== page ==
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Annie Russell (1864-1936):

Actress and Theater Legend


On January 12, 1864 in Liverpool, England, Irish civil engineer Joseph Russell and his wife, Jane Mount Russell, welcomed their daughter, Annie, the first of their three children.  Annie passed her early years in a convent in Dublin until 1869, when she and her family moved to Canada.   According to Miss Russell, her father passed away sometime after their relocation, causing the family to suffer from destitution.  Because of this, Annie’s mother decided to put her daughter on the professional stage to help maintain her family’s well-being. 

In 1875 while on a tour of the United States and Canada, Rose Eytinge, a national and international star, came to Montreal in search of a young female to play a role in her play Miss Multon at the Montreal Academy of Music.  Annie Russell, the only applicant for the role, impressed Eytingealthough not immediately because he proclaimed Russell was too young and the rest of the world with her natural acting ability, and soon after, Haverly Juvenile Production granted her another role in the of H.M.S. Pinafore.  According to Gary R. Plank, an authority on Annie Russell, she began a tour of the West Indies and South America in 1880 with the E.A. McDowell Acting Company, and after seven months, returned to New York, where in the fall of 1881, she appeared at the Madison Square Theatre in the play, Esmeralda. In years following, her popularity blossomed and she appeared in several other plays, including, Our Society, Sealed Instructions, Captain Swift, Broken Hearts, and Elaine.  In 1884 Annie Russell tied the knot with Eugene W. Presbrey, however the marriage ended in divorce in 1897. During this period both physical and emotional stress afflicted Russell, forcing her to withdraw from the theatre.  After four years of absence from the stage, she reappeared playing the lead female role in the play, The New Woman.  During 1894-98, she preformed in a number of other plays, including Mice and Men, and Charles Frohman’s productions of Sue and Dangerfield, ’95, the latter led to her London debut in 1898.  In the next decade, while spending most of her time in the United States, she returned to London to perform on three additional occasions: in 1899 she was to act in Catherine but had to return home due to illness; in 1905 when she acted in Major Barbara; and in 1913 when she acted in The Rivals and She Stoops to Conquer. In addition to spending summers at her house on the Maine Coast, she also began to share her time with English actor Oswald Yorke, later marrying him on March 27, 1904.  the couple remained in New York, where Russell took the role of Puck in a presentation of Shakespeare’s A Midsummer Night’s Dream

Concluding her engagement with the play, Russell continued to perform, produce and direct in the professional theatre until she became afflicted with Influenza, forcing the actress to leave the stage into an early retirement in January 1918.  By 1923, Russell sold her New Jersey home, moving to St. Petersburg, Florida, and then later to Winter Park, where she began to feel homesick.  One of her close friends, Mary Louise Bok, took notice to Russell and her fascination with the Rollins College Theatre Department. In 1931, as an ingenious gift to her friend, Bok donated $100,000 to the College for the construction of the Annie Russell Theatre. A year later, the theatre was complete, and on the night of March 29th of that year:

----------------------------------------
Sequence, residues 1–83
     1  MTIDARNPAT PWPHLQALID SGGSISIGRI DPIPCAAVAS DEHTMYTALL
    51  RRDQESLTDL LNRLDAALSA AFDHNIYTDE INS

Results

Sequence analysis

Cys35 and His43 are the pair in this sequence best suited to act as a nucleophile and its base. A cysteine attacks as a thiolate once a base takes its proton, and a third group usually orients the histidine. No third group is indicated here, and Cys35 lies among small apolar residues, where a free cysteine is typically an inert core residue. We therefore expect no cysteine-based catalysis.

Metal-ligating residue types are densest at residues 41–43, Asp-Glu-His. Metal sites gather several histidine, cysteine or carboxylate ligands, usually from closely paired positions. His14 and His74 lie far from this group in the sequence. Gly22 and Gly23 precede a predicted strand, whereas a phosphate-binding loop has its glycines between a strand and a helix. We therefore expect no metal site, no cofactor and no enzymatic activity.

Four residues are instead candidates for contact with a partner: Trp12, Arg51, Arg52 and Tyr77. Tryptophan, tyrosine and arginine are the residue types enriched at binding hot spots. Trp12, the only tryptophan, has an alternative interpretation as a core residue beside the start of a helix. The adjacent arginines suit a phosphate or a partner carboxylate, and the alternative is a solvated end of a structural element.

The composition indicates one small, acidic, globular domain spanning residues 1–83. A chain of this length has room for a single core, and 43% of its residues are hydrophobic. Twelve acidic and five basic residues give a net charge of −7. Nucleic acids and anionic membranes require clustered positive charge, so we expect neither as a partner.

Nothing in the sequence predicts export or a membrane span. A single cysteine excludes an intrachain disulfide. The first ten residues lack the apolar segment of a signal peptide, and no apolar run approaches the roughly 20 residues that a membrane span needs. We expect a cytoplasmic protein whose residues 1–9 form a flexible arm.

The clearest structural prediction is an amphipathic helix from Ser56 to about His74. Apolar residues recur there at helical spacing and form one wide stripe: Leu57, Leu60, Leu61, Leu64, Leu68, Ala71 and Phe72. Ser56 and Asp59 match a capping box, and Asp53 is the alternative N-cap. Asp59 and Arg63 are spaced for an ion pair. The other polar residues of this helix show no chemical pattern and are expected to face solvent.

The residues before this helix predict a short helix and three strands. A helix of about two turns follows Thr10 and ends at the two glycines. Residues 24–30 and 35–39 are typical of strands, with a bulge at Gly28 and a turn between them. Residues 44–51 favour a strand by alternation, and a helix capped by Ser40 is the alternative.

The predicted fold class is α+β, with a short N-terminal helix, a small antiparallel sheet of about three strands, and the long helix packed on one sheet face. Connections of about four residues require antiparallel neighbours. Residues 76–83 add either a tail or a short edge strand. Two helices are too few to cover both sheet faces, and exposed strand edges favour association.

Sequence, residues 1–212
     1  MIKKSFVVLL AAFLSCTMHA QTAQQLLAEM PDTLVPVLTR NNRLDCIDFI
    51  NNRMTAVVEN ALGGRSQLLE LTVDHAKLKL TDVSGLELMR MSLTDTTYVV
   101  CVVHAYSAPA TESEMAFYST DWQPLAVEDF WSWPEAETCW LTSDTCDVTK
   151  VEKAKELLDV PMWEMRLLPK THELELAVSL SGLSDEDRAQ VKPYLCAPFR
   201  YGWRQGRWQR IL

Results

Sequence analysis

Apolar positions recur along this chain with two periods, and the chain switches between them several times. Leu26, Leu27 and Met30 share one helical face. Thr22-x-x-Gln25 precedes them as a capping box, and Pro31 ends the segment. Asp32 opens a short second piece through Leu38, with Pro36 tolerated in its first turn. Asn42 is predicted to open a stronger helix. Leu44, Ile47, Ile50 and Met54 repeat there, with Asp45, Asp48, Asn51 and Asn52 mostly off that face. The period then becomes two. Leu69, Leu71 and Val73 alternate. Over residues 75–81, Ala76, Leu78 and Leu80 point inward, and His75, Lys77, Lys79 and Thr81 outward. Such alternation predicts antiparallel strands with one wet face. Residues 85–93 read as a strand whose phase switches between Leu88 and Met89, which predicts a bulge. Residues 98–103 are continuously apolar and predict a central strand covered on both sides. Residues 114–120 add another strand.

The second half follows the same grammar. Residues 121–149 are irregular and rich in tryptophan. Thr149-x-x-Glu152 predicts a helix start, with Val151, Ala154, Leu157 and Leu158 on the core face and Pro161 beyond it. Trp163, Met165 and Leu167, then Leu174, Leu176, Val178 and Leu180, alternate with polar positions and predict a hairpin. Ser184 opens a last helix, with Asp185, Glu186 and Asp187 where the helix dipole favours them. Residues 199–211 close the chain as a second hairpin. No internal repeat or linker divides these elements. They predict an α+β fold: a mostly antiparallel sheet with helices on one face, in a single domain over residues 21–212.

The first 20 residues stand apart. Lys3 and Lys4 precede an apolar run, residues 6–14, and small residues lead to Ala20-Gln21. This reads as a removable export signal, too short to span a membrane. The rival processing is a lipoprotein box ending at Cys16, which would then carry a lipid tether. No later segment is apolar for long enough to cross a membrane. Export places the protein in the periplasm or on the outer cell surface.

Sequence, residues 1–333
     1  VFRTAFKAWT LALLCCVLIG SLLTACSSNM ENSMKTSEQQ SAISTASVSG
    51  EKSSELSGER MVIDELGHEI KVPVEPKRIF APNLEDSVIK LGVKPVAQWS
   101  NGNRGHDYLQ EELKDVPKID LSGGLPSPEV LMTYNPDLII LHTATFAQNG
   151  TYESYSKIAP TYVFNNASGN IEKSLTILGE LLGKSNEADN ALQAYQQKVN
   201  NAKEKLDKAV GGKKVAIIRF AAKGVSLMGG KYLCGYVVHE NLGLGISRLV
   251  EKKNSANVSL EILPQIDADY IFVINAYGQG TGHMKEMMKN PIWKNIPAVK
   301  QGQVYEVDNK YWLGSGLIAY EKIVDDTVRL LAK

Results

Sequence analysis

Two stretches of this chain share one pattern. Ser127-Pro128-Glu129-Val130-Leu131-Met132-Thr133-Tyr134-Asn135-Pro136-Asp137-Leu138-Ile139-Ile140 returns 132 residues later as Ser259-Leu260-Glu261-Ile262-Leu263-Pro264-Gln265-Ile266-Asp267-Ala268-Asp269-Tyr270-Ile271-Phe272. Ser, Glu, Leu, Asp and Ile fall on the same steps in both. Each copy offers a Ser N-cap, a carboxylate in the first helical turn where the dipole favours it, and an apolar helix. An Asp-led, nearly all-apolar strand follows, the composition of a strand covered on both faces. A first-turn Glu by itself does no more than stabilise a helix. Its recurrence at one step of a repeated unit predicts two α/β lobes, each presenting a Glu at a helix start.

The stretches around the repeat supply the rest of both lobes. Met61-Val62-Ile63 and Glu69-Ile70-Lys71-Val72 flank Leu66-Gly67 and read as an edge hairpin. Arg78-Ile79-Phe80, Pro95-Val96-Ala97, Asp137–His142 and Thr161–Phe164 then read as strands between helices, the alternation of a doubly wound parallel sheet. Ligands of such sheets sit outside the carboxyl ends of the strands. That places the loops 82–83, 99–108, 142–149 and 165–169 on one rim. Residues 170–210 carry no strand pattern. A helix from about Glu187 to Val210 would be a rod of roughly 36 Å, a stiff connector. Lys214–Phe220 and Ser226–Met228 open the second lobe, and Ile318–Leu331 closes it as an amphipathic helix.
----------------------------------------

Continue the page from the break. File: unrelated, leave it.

“[Mrs.] Russell stepped from behind the thick draperies enshrouding the stage to receive the ovation from some 500 people who had assembled to pay her tribune on this opening night.  The applause which ensued was overwhelming.  As her eyes slowly scanned the people before her-people who had remembered her after 15 years of absence from the stage, tears sprang to her eyes and streamed down her cheeks. Annie Russell was home.”[1]  


Almost immediately after the construction of the Theatre, Russell starred in the performance of Robert Browning’s play, In the Balcony, which she played opposite Rollo Peters and Mary Hone.  Following this production, Russell produced and directed a performance of Romeo and Juliet.  After this, Russell founded the Professional Artist’s Series, and presented the Thirteenth Chair, the vehicle in which she last performed on the professional stage.  During the years that followed, she was taken seriously ill from a case of double pneumonia, which had resulted from an infected tooth.  After several months of suffering, on January 16, 1936, Annie Russell quietly passed away in her sleep. 

 - Alia Alli

[1] Gordan B. Regan, Annie Russell and Rollins College, p 7, Department of Archives and Special Collections, Box 45E, Olin Library, Rollins College, Winter Park, Florida.

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